Neil J. Hurley, School of Computer Science and Informatics, Unversity College, Dublin
Towards Diverse Recommendation
In recent years great strides have been made in improving the accuracy of recommender systems from the point-of-view of their ability to predict users' ratings for unrated content given a database of past ratings. In a context where the system should ultimately recommend a list of items to the end-user, such accurate rating predictions can be seen as just one possible input into the decision system that selects the recommended content. It has been recognized for several years now that other qualities of the recommended list are also important in this selection process; it is not simply a matter of recommending those items with highest predicted ratings. In particular, a good system should offer a diverse choice of relevant items, allowing users to select from across their broad range of tastes. It is worth emphasizing that diversifying the recommendation is not simply a matter of selecting a set of highly dissimilar items for recommendation, since relevance is still a primary concern – increasing diversity while maintaining system performance, as measured by a relevance metric is a significant challenge. Research in diverse recommendation is still in an early stage; while a number of algorithms and systems for diverse recommendation have been proposed, many different performance measures and evaluation methodologies are being used making it difficult to compare across different approaches. In this talk, I will attempt to summarize the state-of-the-art in diverse recommendation, bringing together the different approaches that have been proposed in recent years and the various performance measures that have been used. The goal is to set the context and to propose some ideas to generate what should be some interesting and controversial discussions during the remainder of the workshop.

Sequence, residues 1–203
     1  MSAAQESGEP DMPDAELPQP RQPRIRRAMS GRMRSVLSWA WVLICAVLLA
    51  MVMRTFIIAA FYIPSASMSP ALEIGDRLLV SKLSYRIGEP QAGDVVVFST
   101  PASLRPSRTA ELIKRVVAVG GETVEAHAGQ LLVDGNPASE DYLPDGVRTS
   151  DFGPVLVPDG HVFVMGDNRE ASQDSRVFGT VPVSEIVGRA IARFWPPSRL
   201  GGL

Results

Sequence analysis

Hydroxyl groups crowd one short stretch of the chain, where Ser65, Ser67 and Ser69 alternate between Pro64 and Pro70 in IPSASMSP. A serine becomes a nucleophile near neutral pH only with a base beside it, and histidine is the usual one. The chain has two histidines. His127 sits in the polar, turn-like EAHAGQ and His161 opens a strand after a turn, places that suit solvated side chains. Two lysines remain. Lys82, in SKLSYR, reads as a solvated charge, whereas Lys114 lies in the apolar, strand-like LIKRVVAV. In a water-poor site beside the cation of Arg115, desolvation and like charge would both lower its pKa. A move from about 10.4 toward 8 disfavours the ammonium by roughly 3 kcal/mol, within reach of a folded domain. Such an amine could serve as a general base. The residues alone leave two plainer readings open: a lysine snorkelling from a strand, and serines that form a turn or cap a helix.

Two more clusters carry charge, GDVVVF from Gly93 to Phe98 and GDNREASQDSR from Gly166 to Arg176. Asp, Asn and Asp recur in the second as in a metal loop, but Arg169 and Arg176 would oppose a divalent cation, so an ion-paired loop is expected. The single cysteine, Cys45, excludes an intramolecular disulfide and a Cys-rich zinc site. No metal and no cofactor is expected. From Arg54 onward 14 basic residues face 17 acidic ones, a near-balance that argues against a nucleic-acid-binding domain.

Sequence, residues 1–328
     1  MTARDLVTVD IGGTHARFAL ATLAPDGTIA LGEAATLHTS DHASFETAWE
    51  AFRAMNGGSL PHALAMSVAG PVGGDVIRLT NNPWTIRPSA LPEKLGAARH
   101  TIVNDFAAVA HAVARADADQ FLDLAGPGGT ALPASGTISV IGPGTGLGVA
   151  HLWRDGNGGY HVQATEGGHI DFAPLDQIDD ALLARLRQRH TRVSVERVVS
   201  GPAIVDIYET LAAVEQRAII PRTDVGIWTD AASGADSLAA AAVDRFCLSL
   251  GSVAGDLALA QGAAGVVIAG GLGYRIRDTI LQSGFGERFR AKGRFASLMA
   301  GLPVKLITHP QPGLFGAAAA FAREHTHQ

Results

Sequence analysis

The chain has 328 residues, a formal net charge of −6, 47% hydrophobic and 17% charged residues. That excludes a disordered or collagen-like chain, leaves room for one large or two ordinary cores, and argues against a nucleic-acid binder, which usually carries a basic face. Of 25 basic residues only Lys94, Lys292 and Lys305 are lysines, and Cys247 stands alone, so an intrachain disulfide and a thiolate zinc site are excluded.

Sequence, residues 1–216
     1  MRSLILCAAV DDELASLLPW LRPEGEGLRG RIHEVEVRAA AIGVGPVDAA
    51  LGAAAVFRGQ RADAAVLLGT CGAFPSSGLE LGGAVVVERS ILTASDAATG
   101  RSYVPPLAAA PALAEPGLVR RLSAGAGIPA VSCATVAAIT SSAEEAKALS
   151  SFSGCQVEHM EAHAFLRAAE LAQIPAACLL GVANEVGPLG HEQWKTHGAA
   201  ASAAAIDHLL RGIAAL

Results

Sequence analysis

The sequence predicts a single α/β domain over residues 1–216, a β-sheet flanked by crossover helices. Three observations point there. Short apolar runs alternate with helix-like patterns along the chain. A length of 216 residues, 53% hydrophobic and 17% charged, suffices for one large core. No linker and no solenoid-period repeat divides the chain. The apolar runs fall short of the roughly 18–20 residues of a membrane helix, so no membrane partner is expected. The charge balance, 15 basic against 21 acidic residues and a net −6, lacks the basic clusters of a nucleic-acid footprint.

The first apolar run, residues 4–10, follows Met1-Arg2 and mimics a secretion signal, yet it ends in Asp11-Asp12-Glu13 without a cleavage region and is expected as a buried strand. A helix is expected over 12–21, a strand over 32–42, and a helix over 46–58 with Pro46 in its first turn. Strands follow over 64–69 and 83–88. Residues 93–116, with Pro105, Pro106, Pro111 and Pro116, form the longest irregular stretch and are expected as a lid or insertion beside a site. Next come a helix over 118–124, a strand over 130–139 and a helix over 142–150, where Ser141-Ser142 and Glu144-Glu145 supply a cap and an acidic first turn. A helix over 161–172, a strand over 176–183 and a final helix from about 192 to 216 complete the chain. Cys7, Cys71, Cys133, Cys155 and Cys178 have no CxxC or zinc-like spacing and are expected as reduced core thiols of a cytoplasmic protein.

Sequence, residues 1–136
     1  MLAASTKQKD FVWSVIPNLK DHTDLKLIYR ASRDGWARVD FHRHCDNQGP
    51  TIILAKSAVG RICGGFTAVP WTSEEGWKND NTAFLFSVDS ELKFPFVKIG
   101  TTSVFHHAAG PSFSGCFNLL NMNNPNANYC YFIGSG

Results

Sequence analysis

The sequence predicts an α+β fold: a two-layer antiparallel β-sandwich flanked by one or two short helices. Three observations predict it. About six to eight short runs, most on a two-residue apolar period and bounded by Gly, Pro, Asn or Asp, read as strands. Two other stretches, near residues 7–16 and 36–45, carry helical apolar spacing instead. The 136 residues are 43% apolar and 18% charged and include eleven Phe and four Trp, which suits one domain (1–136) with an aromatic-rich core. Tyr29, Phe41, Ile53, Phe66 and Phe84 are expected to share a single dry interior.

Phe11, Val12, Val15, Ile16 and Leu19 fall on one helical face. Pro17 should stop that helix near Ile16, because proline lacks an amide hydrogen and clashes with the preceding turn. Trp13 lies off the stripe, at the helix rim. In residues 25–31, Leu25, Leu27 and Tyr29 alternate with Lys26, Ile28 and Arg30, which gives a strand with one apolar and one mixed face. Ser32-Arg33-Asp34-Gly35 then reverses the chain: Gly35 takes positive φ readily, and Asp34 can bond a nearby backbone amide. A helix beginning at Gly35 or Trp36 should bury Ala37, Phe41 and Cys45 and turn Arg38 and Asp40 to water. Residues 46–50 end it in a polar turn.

Dr. Neil Hurley graduated with a M.Sc. degree in Mathematical science from University College Dublin (UCD) in 1988. In 1989, he joined Hitachi Dublin Laboratory (HDL), a computer science research laboratory based at Trinity College Dublin. During his time at HDL he worked on various topics including knowledge-based engineering, for which he was awarded a PhD in 1995, and parallel computing. He joined the academic staff in the UCD School of Computer Science and Informatics in 1999, where he has carried out research in topics including information hiding in digital content, distributed systems and graph and network analysis. He started research on recommender systems in 2002 when he first started to look at robustness issues in kNN collaborative filtering algorithms. Since then, he has worked on various topics in recommendation including recommendation diversity. To date, three students have completed their PhDs on topics in recommendation under his supervision. Currently, his major research focus is social network analysis in the Clique Network and Graph Analysis cluster (clique.ucd.ie).